It is unnecessary to give an update on today’s economic situation since most already have a wealth of information over the repercussions of the COVID-19 pandemic. I will instead focus on another major concern: how have pension funds performed, and furthermore, are there similarities in how they have performed during other crises?
After the S&P/BMV IPC dropped 16.38% from its highest monthly return posted in the past 10 years, the S&P/BMV Sovereign MBONOS Bond Index fell 0.72% and the S&P/BMV Sovereign UDIBONOS Bond Index followed with a loss of 3.10%. In this environment, we would expect that pension funds would have their worst month, or even their worst quarter.
Using data provided by Consar (available since December 2015), we can see that Afore assets dropped 3.35%, the second-worst month in the past five years, with October 2018 taking the lead with a loss of 3.89%, as shown in Exhibit 1.
The pension fund system recently changed investment philosophy, moving from a target risk to a target date structure. Since the changes are so recent, we feel it is still appropriate to use the S&P/BMV Mexico Target Risk Index Series as a proxy to analyze performance before and during the COVID-19 crisis since instead of 4 strategies, now 10 different strategies are available with the same rules.
Exhibit 2 illustrates that despite performance losses, the indices had a positive slope and low volatility.
In Exhibit 3, we can see that March 2020 is the fourth-worst month since December 2008 for the S&P/BMV Mexico Target Risk Aggressive Index and S&P/BMV Mexico Target Risk Growth Index, while the S&P/BMV Mexico Target Risk Conservative Index held up well and did not rank among the lowest five months historically, driven by high exposure to fixed income indices and their performance relative to local and foreign equity. February 2009 was the worst-performing month for all the indices, which, interestingly was followed by the top monthly performance for all indices in March 2009, at 6.86%, 5.39%, 4.14%, and 3.53% for the S&P/BMV Mexico Target Risk Aggressive Index, S&P/BMV Mexico Target Risk Growth Index, S&P/BMV Mexico Target Risk Moderate Index, and S&P/BMV Mexico Target Risk Conservative Index, respectively.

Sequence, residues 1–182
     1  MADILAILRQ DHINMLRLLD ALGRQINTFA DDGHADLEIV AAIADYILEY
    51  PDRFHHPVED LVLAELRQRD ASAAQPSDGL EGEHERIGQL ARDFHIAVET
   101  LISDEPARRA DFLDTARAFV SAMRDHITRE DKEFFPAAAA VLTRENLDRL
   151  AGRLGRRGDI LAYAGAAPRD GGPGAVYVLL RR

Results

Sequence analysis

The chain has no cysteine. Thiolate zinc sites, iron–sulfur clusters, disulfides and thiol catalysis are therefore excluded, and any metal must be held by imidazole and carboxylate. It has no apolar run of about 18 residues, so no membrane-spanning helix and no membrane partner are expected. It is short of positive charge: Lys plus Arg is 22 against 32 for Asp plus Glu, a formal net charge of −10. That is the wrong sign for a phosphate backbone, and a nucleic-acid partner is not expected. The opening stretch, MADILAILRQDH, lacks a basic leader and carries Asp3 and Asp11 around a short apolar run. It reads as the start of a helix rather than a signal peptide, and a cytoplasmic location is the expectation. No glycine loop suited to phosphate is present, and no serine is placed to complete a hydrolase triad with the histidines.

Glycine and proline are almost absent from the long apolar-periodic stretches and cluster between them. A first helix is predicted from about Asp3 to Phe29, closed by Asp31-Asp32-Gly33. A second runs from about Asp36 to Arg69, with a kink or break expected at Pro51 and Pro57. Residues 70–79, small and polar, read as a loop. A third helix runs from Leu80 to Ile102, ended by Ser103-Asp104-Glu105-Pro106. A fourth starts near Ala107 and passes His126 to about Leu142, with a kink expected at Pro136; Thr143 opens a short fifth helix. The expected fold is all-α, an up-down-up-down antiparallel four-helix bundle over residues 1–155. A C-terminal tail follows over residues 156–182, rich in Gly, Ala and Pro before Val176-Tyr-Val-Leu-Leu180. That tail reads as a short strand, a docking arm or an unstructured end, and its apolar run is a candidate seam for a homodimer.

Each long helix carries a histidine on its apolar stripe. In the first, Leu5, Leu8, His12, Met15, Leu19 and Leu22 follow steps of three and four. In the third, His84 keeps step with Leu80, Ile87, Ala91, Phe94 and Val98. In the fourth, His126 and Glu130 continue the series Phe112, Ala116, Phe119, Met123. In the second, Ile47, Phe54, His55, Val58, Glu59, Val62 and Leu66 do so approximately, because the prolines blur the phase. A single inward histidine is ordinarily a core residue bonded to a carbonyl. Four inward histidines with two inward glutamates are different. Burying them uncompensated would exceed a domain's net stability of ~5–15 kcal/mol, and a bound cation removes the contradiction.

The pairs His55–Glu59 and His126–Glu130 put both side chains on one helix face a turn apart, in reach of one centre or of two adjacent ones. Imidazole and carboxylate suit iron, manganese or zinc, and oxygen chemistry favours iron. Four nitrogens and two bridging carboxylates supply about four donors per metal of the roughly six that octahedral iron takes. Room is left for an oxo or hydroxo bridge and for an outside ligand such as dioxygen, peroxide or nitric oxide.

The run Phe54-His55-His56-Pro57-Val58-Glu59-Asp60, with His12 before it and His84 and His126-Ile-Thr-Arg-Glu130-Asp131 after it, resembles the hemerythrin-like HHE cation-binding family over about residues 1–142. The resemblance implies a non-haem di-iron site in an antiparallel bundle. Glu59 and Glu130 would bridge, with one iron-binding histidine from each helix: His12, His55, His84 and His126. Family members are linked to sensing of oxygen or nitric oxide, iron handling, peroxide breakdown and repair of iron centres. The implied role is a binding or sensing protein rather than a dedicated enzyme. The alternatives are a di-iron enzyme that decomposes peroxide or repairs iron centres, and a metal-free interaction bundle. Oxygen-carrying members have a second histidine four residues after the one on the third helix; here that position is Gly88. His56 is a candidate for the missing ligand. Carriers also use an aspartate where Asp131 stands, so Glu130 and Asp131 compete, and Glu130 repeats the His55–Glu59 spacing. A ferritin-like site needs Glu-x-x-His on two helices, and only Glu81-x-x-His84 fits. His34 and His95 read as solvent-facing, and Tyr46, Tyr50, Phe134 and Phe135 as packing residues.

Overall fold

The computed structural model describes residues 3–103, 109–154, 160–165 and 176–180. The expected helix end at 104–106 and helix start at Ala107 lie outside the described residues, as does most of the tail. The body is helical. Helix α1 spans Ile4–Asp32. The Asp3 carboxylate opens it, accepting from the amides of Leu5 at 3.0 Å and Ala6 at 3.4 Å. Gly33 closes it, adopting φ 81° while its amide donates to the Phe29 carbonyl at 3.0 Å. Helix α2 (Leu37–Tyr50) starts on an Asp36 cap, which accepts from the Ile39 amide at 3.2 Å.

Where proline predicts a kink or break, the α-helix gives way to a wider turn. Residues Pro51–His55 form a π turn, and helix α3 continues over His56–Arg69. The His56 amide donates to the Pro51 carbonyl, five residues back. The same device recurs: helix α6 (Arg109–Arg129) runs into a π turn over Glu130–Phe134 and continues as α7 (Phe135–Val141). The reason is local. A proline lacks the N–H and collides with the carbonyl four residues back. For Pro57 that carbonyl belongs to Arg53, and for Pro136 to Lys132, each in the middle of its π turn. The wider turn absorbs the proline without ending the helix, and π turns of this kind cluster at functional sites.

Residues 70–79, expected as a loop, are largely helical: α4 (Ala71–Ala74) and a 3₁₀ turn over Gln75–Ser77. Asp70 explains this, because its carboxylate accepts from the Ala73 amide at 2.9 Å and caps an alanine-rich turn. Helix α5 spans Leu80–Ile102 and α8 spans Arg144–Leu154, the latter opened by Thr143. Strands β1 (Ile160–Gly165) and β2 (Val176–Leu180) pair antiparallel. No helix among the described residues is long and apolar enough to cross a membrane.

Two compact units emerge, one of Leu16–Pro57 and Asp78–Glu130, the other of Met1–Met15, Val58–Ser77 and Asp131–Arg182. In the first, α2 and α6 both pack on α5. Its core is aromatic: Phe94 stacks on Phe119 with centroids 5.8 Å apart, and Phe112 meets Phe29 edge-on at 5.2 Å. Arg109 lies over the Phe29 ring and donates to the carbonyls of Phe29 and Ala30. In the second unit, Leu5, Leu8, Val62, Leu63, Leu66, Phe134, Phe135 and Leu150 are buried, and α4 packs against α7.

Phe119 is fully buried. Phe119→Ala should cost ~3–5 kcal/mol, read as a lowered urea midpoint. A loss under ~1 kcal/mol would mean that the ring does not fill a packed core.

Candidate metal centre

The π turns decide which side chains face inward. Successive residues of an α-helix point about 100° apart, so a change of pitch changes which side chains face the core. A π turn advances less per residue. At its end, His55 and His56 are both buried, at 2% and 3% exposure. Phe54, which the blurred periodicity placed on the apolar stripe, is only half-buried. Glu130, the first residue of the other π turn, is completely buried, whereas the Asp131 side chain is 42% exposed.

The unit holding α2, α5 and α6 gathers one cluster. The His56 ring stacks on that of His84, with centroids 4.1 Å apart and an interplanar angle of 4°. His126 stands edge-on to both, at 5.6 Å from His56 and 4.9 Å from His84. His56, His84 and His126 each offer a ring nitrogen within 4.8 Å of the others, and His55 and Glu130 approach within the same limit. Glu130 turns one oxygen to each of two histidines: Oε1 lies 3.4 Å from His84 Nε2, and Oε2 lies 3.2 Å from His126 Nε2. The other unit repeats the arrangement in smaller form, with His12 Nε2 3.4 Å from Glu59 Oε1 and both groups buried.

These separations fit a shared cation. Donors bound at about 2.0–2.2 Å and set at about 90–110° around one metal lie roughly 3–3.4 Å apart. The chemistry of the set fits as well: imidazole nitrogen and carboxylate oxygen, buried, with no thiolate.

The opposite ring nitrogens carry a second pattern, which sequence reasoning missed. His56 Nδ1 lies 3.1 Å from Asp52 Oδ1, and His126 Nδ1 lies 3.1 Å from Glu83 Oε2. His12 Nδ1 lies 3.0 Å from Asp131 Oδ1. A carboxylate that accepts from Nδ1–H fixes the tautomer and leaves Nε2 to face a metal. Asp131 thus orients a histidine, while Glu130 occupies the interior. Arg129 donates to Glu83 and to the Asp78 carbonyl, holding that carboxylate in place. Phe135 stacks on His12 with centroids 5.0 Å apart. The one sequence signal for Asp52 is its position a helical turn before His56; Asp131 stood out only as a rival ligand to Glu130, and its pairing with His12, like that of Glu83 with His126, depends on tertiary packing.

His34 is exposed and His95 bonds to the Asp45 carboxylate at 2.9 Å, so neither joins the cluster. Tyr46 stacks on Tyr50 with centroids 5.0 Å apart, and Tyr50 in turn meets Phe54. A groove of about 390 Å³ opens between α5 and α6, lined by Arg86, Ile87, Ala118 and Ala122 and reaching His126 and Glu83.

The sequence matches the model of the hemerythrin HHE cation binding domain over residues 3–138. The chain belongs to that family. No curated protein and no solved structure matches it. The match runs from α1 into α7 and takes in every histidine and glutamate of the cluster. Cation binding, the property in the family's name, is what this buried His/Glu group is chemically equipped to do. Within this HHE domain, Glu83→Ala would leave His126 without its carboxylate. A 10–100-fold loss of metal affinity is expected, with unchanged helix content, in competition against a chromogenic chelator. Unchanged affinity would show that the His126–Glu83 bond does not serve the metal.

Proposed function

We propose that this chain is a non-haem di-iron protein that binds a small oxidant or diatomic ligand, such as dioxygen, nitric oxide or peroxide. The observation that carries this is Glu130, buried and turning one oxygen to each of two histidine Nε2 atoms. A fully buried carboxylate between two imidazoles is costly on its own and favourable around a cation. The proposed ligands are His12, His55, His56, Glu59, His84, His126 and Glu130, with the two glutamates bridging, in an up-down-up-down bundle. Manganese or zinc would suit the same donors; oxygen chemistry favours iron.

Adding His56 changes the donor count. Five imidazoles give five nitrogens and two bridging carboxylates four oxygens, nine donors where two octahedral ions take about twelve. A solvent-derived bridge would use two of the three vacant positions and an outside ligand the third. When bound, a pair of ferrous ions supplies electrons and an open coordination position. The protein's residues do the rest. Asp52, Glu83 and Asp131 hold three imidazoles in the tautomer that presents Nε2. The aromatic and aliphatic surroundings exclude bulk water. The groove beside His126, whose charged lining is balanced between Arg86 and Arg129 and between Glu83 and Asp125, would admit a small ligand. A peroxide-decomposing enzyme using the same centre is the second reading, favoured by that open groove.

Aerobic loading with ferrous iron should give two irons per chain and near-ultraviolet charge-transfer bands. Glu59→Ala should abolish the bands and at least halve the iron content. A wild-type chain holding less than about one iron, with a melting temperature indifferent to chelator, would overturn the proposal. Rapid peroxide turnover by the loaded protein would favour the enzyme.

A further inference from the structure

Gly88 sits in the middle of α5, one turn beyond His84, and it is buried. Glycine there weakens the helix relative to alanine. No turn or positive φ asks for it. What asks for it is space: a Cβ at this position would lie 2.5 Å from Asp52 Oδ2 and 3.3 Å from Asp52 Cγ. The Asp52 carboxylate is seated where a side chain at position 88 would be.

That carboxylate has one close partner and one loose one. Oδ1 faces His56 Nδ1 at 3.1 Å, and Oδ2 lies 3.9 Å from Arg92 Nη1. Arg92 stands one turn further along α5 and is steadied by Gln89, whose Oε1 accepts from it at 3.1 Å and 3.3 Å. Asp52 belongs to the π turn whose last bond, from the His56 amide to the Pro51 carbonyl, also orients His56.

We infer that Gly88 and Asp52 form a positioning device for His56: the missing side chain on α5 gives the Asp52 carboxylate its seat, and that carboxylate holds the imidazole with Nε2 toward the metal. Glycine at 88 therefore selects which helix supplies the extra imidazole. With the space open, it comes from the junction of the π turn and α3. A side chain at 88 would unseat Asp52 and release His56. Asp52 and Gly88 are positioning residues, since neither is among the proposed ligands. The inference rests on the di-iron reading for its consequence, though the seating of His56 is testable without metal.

Looking at quarterly results, we can see that the first quarter of 2020 was the third-worst quarter for all indices except the S&P/BMV Mexico Target Risk Conservative Index, while Q2 2013 and Q4 2018 suffered greater losses.
Yearly results show that only the S&P/BMV Mexico Target Risk Aggressive Index recorded a loss in 2018 (we consider the 0.01% loss of the S&P/BMV Mexico Target Risk Growth Index flat), and in 2013 all other indices finished in the black.
Without minimizing the current COVID-19 crisis, there is a glimmer of hope. History shows that crisis months with heavy losses can be followed by positive months and, when using a disciplined approach of diversification and risk management, even result in a year ending on a positive note.
While the results of the S&P/BMV Mexico Target Risk Index Series may differ from those of any particular Afore, the indices were created taking into account the investment regime of Consar (read more here) and provide a benchmark we can use with our own Afore. In conclusion, do not be afraid of a month with losses and instead use a disciplined investment approach in line with your risk tolerance.
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